The following is probably only of interest to technically inclined readers:
As climate changes, many species are moving. Sometimes, it is from lower to higher altitudes, in order to live in familiar temperatures. Sometimes, it is from south to north for the same reason. Such natural adaptation is inevitable and, while it is a coping mechanism for individual species, it invariably changes the composition of ecosystem. Birds and flying insects may be able to relocate more easily, leaving slower-moving or less adaptable species behind. Suddenly, the structure of food webs start to change as predator-prey relations are redefined.
Some people have argued that allowing ecosystems to respond to climate change on their own is the best course of action. Others have argued that vulnerable species should be relocated to areas where they will be able to continue living. Some have even argued that polar bears should be relocated to Antarctica to make them less vulnerable to global warming. Others have argued that elephants and rhinos should be introduced to North America as a hedge against the danger of poaching. Finally, there are those who argue that we should actively manage ecosystems to try to mitigate climate change effects: if pests have shifted into new areas and begun eating crops, import their predators. If coastal erosion is worsening, bring in species to stabilize beaches.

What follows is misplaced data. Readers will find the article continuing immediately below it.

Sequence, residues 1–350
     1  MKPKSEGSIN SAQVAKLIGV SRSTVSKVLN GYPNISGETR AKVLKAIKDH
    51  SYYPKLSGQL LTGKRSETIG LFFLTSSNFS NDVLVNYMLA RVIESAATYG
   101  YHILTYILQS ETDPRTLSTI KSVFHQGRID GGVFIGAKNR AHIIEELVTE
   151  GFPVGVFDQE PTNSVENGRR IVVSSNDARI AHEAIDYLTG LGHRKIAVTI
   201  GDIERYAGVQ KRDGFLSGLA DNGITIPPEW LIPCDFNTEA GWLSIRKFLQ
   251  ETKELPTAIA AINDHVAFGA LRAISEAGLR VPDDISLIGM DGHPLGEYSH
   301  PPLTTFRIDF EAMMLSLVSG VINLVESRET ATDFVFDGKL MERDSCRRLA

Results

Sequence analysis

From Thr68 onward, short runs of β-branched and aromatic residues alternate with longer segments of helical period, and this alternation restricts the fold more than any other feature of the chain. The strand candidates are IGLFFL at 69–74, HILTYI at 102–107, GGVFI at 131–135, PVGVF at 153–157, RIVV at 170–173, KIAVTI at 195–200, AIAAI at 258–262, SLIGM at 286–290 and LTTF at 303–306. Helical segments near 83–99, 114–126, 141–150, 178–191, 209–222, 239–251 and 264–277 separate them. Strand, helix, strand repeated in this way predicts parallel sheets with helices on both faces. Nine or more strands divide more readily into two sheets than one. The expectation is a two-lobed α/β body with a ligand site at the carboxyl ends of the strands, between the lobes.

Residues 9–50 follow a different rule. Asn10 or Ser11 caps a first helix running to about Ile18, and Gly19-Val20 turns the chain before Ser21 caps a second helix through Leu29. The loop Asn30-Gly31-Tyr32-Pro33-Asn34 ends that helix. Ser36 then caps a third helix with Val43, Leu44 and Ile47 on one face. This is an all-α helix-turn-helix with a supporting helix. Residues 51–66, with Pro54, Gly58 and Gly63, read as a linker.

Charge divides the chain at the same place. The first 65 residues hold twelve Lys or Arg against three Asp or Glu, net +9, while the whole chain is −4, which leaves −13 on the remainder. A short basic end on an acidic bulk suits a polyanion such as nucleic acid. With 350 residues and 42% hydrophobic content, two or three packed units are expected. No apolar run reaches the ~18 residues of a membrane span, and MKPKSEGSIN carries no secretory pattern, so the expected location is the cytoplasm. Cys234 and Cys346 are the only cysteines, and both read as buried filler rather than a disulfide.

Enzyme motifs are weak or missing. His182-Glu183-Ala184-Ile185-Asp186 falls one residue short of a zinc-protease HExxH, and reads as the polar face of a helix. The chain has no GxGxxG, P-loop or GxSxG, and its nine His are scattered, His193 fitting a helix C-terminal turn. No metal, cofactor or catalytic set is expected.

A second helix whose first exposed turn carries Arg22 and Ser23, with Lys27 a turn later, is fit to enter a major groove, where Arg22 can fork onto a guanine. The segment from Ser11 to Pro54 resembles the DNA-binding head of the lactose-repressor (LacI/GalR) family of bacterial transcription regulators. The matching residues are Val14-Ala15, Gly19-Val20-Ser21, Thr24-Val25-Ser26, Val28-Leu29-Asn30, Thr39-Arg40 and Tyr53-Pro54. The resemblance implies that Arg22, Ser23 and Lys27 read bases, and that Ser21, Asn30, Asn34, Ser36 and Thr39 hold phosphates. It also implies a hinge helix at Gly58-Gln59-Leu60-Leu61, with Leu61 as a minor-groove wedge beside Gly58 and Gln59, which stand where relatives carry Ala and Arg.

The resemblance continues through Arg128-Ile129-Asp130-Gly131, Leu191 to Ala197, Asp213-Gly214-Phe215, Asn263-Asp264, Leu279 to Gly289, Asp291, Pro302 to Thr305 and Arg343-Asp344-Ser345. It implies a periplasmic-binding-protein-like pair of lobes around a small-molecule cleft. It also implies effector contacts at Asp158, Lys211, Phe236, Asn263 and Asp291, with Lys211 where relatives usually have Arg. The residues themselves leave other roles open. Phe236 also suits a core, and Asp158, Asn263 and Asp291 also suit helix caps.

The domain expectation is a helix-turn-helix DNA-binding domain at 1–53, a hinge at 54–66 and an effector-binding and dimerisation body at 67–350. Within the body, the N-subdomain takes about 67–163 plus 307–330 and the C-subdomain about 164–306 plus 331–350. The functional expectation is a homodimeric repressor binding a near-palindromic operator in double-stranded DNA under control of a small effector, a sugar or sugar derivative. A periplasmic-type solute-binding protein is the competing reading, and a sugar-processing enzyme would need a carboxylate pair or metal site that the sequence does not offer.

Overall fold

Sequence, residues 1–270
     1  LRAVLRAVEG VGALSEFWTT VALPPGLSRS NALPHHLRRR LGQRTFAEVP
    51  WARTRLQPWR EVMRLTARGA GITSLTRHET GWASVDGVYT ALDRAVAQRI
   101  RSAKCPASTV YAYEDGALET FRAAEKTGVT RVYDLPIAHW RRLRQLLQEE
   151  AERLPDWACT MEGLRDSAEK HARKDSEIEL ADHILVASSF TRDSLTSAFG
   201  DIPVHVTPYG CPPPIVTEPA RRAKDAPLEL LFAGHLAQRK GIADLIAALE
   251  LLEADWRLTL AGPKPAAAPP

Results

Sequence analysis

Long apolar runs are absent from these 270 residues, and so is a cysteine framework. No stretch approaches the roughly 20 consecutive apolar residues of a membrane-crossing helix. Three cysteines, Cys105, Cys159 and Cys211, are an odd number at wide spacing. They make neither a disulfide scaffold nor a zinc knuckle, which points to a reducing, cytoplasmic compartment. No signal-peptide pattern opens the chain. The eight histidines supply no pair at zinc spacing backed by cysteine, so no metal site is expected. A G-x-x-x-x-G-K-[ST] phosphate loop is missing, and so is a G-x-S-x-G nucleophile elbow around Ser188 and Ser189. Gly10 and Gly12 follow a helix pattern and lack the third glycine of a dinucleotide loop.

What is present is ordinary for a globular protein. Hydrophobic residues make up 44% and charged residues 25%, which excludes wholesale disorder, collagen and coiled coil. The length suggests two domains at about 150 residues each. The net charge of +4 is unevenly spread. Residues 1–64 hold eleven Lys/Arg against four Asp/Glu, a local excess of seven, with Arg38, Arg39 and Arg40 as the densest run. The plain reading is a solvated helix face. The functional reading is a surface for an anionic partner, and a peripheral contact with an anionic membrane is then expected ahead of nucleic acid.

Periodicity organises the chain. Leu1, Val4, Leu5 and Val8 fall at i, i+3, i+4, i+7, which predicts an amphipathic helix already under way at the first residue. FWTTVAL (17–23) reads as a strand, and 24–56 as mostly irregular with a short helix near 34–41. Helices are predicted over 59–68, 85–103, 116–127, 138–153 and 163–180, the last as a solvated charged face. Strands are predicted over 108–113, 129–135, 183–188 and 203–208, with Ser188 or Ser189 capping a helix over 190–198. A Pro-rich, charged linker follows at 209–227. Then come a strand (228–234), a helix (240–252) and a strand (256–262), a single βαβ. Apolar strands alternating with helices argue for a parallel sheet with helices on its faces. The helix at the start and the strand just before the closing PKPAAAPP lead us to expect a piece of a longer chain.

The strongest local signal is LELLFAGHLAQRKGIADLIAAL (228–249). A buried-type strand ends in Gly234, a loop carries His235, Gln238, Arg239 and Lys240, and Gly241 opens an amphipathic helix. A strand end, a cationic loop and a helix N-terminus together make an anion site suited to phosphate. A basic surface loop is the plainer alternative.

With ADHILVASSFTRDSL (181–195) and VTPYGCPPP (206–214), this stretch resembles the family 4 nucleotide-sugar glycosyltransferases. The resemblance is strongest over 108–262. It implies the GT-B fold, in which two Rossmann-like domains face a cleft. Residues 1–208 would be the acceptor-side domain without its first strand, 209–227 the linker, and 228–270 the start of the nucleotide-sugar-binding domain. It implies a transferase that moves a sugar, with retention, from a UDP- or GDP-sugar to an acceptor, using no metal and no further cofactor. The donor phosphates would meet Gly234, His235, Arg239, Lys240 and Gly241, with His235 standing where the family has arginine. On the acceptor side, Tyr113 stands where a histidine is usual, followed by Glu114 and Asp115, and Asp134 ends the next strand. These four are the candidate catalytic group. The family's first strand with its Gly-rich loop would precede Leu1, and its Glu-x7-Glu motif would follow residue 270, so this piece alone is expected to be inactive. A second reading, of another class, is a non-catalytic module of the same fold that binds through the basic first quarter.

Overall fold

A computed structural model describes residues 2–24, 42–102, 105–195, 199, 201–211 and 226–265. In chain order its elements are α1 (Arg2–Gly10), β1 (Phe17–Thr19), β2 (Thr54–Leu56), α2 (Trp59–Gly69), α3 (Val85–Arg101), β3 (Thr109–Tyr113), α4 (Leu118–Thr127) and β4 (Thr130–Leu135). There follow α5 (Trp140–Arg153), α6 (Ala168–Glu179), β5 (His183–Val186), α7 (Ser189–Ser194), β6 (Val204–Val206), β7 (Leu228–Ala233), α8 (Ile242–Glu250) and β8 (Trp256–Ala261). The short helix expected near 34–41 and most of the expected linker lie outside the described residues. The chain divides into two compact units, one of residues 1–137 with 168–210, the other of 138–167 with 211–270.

The human record of such interventions is definitely not stellar, but the debate is nonetheless increasingly energetic. The discussion is both pragmatic – asking what the probable costs and benefits of making a change would be – and philosophical – engaging with the question of what the ‘natural’ world is and how people should engage with it. Global climatic change will make both of these sets of questions more immediately relevant and pressing.
This morning, I had a French conversation class. The advantage of being in the first class of the day was that nobody else showed up. As such, I learned a lot of vocabulary relating to Welsh mountain climbing, desalination, battery and fuel cell technology, and fossil fuels. There will be two one-hour classes a week, focusing on conversation. It will be good to finally get back into the practice of speaking la belle langue.
People who do not spend half their lives on the internet may not have heard about the One Laptop Per Child Program. This non-profit initiative has produced an inexpensive laptop meant to be used as an educational tool by children in the developing world. The device has been reviewed by the New York Times and, while it is limited in some ways, it seems to serve its intended purpose very well. Furthermore, it does some things that no other available laptop can, such as on-the-fly mesh networking: where computers close together automatically link up, allowing internet connections to be shared and collaboration within applications. It uses a $10 battery that is good for four times more charges than a normal laptop battery, while also providing six hours of power with the screen’s backlight engaged or 24 hours without. The machines also have built-in video cameras and microphones.
Through the ongoing Give One, Get One promotion, people can spend $400, receive one laptop for themselves, and donate one to a child in the developing world. Needless to say, one of these would make an amazing Christmas gift for a young person (the keyboard is apparently too small to be used comfortably by adults). Dust-proof and spill-proof, these things seem to be safe in the hands of the average child. Not only do they come with some very neat software, they really embrace the philosophy of letting children learn how it all works. One button reveals the code behind any website or program being used on the machine: potentially breeding a new generation of skilled programmers.